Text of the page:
Michael Chapman: 1935-2020


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Most tributes are best expressed in words, but Michael Chapman’s magnificent contribution to the world was so visual that it feels like photos could get the job done better than anything I could possibly say. And so I’ll be brief on the life and legacy of Michael Chapman, one of the best cinematographers of all time, a key player in the American New Wave in the 1970s. You know those projects like “One Perfect Shot”? They could still exist with only the work of Michael Chapman, who helped redefine cinematic language with directors like Martin Scorsese, Hal Ashby, Philip Kaufman, and Robert Towne. His work on “Taxi Driver” and “Raging Bull” alone should earn him an entire section in any class on cinematography.

Chapman started his career as a camera operator, and worked on Steven Spielberg’s “Jaws” before developing his own style as a cinematographer on Ashby’s “The Last Detail” and Kaufman’s “The White Dawn.” His work on Paul Schrader’s “Hardcore” is breathtaking, and he brings exactly the right balance to Kaufman’s “Invasion of the Body Snatchers,” but the legacy of Chapman will be in a trio of films he made with Scorsese: “Taxi Driver,” “The Last Waltz,” and “Raging Bull.” His stunning black-and-white cinematography on the third film earned him his first Oscar nomination, but all three are master classes in the form. Other career highlights include “Personal Best,” “The Lost Boys,” “Quick Change,” “The Fugitive,” “Primal Fear,” and even his last film, “Bridge to Terabithia,” which has some striking imagery. He also directed “All the Right Moves,” which helped make Tom Cruise a star (and reportedly helped convince his friend Martin Scorsese to hire Cruise for “The Color of Money”).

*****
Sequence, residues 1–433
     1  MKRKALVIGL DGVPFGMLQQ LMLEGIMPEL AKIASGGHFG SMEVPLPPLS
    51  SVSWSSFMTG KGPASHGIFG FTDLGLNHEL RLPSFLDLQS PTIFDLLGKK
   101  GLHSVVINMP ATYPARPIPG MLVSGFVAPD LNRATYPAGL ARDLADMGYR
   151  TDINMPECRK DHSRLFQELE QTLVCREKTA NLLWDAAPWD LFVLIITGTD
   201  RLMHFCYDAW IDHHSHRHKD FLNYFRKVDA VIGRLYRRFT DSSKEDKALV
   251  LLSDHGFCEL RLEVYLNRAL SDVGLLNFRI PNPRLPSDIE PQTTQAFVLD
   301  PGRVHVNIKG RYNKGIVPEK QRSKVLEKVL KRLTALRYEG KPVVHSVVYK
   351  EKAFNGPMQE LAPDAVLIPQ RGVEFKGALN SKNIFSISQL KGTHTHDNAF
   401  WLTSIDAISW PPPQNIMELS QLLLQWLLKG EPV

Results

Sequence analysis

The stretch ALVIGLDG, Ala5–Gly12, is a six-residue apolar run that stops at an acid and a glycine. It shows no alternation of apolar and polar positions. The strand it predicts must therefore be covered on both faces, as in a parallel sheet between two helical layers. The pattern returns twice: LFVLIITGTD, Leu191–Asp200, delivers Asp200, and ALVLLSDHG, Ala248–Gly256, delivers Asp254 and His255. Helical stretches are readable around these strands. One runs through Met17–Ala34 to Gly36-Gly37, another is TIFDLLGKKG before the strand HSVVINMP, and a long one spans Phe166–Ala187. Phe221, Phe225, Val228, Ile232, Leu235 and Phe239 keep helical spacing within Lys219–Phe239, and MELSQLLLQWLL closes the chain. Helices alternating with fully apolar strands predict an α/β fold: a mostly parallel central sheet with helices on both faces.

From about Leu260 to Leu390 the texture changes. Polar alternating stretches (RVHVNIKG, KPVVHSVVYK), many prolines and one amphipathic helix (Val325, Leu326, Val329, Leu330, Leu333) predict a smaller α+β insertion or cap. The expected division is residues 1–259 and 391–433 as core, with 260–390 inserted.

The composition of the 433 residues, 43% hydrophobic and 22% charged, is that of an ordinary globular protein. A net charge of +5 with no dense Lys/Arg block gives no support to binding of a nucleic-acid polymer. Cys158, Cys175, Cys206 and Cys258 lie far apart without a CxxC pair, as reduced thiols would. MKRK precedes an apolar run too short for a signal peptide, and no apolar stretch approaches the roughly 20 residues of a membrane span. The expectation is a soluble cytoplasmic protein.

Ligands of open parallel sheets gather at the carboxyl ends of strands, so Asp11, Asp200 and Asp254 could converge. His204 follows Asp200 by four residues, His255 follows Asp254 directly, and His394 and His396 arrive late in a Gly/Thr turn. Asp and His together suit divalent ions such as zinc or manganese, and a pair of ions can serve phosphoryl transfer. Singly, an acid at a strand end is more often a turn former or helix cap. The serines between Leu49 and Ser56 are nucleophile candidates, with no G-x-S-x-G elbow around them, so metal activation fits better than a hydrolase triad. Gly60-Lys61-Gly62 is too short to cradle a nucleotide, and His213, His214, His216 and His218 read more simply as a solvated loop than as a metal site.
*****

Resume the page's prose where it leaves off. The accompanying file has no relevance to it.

It’s all about the imagery. Here are just some of Chapman’s most powerful images: 

content Raging Bull

content lost boys

content body snatchers ending

content fugitive

content The Last Waltz 0c



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